Help - Floor stains looks blotchy and uneven

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Old 03-02-14, 10:59 AM
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Help - Floor stains looks blotchy and uneven

Hi - I don't know what I'm doing wrong, but my stain job looks like crap. Combine that along with my OCD of wanting it to look good and it's not a good combo

This is my 2nd time sanding and staining the floors in a 6 month period, so I'm a little worried about having to sand yet again. I know the planks are decently thick, but I don't want to ruin them.

I attached a few photos to show what is happening. I'm not sure if it has to do with my sanding process, my staining technique or most likely some combination of both.

Here is the process I used for both sanding and staining:

Step 1: Sanded using a 7" Edge sander at 60G. I do have access to a belt sander, but I don't trust myself enough to use it. Sanded with the length of the boards.

Step 2: Sanded using 7" Edge sander at 100G. Sanded with the length of the boards.

Step 3: Sanded using a hand held electric sander at 150G. Sanded with the length of the boards.

After I had them all sanded, I vacuumed and tacked to remove as much dust as possible.

I then stained using Minwax water based stain. I used a 3" foam brush and wiped with a rag about 30 seconds after brushing the stain on.

Some areas look good to me while you can clearly see that other areas look like crap.

Any suggestions as to what my best options are to correct this would be much appreciated!

Thank you!!

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Old 03-02-14, 11:18 AM
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I suspect it mostly has to do with the water based stained. I've always found them a lot trickier to apply than the conventional oil base stain. I will only use a water based stain under protest

I'm wondering if a rag damp with denatured alcohol would allow you to rub off some of the stain to make it look more uniform ??
 
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Old 03-03-14, 07:40 AM
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Thanks, I'll give that a shot!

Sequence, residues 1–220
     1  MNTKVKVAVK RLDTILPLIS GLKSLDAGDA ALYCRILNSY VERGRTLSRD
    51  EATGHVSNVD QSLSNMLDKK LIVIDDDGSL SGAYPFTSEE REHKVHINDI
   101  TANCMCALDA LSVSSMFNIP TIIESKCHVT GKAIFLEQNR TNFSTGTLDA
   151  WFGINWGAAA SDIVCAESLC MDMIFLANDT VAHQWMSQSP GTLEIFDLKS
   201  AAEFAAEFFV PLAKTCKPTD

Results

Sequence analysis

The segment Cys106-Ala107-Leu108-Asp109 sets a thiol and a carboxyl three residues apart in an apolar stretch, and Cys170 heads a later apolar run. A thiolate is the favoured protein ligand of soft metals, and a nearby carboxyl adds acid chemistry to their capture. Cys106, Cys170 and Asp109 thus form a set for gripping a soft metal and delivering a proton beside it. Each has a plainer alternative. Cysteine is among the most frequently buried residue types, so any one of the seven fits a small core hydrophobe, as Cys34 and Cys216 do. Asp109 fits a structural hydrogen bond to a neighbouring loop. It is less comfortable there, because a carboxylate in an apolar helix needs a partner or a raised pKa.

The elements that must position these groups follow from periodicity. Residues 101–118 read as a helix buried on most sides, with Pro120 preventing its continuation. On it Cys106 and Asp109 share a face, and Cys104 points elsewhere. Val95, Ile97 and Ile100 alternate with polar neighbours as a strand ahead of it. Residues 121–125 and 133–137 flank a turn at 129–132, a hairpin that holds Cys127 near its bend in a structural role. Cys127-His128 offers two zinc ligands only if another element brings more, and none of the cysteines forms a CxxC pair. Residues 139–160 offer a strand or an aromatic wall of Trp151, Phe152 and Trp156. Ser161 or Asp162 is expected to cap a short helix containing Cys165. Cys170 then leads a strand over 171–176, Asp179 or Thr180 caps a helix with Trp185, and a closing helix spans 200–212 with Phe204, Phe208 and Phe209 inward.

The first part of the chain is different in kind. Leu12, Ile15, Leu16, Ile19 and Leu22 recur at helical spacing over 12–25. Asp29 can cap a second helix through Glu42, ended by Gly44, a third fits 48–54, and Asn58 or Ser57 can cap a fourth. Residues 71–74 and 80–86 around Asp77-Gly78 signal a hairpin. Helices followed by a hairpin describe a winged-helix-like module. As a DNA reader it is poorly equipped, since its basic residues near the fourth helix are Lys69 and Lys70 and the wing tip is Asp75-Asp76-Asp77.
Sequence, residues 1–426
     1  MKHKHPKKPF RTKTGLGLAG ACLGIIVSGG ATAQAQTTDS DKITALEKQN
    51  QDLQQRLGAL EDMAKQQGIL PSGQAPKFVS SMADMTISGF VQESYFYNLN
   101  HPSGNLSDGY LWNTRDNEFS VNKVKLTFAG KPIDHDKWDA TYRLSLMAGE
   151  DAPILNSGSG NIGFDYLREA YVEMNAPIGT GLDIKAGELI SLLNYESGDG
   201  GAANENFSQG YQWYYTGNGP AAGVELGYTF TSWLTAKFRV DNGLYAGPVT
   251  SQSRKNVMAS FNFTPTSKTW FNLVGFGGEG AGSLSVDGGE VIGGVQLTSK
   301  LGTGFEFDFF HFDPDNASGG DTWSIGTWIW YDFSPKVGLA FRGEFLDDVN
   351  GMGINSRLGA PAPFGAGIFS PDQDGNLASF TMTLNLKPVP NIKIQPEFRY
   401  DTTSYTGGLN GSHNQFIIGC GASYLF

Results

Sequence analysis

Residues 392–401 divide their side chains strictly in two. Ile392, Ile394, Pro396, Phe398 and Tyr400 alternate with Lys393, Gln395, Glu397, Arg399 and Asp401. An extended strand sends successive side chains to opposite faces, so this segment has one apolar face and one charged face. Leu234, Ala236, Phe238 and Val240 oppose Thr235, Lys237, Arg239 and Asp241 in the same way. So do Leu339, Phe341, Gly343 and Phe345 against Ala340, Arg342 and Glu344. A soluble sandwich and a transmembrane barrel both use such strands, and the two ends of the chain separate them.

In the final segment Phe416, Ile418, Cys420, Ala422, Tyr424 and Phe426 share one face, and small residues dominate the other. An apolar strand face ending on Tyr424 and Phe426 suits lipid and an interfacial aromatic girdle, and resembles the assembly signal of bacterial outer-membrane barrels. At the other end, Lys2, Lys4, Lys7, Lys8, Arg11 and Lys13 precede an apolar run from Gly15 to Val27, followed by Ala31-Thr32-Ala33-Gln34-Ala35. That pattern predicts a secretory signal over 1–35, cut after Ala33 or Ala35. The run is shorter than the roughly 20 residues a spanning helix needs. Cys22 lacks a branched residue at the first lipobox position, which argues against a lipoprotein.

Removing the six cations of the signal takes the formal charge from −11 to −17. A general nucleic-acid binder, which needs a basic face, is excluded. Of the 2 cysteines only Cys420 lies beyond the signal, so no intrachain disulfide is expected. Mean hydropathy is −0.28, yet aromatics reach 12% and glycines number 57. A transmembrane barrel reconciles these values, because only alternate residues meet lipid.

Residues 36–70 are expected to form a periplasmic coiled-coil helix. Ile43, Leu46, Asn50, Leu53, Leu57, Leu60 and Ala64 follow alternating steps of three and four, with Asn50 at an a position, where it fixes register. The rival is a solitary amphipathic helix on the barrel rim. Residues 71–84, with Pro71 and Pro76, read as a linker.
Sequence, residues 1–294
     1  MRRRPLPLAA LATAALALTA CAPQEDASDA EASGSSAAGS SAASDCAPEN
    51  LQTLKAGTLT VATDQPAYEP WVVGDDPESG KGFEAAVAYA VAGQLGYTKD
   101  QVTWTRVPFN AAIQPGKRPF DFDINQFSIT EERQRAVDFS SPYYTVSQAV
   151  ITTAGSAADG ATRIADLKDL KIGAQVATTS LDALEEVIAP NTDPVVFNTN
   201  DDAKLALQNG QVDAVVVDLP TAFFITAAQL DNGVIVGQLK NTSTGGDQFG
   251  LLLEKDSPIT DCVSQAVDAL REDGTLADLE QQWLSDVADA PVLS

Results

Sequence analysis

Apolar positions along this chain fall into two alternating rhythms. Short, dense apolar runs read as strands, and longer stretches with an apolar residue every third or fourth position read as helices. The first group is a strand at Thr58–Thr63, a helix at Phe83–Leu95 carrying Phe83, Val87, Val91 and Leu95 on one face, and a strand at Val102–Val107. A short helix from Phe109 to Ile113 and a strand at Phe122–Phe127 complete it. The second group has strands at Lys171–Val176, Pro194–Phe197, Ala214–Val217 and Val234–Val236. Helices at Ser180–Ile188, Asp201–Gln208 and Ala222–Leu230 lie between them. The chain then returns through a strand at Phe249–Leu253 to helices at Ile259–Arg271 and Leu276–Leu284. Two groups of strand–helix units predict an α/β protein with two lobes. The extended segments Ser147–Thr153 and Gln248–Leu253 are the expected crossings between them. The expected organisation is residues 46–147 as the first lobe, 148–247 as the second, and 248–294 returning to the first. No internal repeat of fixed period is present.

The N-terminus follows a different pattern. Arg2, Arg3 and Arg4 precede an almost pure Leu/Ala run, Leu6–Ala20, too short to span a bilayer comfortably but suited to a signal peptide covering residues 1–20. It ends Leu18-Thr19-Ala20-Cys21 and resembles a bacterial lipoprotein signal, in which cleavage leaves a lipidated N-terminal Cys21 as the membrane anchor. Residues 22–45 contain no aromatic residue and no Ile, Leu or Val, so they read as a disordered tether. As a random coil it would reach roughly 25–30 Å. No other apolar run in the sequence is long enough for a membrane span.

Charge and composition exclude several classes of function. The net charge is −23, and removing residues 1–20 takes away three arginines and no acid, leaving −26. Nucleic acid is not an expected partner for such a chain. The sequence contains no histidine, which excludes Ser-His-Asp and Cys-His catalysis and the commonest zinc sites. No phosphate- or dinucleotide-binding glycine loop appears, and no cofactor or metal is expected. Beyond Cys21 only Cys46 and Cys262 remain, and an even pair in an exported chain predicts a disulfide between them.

Yeah, I debated awhile between Oil and Water and ultimately went with Water. I have too many supplies on hand that I can't return/exchange to switch over to Oil. I will give that a suggestion a try. Anything to save me from re-sanding again.

If I do have to sand again, would trying different grits possibly work best? Perhaps starting with something more coarse than 60 and ending at 80-100 instead of 150? I'm not sure what affect this would have on taking the stain, but I read somewhere that finishing around the 80-100 mark may help the stain soak in better and more consistently vs. 150.
 
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Old 03-03-14, 10:44 AM
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Generally 100-120 is fine enough for applying stain, when you go too fine it closes up the wood's grain making it harder for the wood to absorb the stain. I'm not sure that makes a lot of difference in your case.

I have too many supplies on hand that I can't return/exchange to switch over to Oil.
Can you further explain that? You can use oil base stain under water based poly [if that's what you mean] but you do need to make sure it's good and dry first.
 
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Old 03-03-14, 11:30 AM
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Can you further explain that? You can use oil base stain under water based poly [if that's what you mean] but you do need to make sure it's good and dry first.
Correct! I'm not so much worried about the stain.. I have about 4 quarts, but at what.. $8/each I'm not too worried about it if I had to toss them. It was the poly that I was more concerned with. Having 3 gallons at $50/each is a little harder to swallow. I was under the impression that you couldn't do water poly on top of oil stain, but I'm more than willing to give that a try!
 
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Old 03-03-14, 11:42 AM
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I prefer oil poly over oil stain because it allows you a little fudging if the stain isn't 100% dry. I also prefer the look and added durability of poly stain. I seldom use water based poly but have used it over oil stain occasionally. It's always best to check the label so you know for sure that the 2 are compatible.
 
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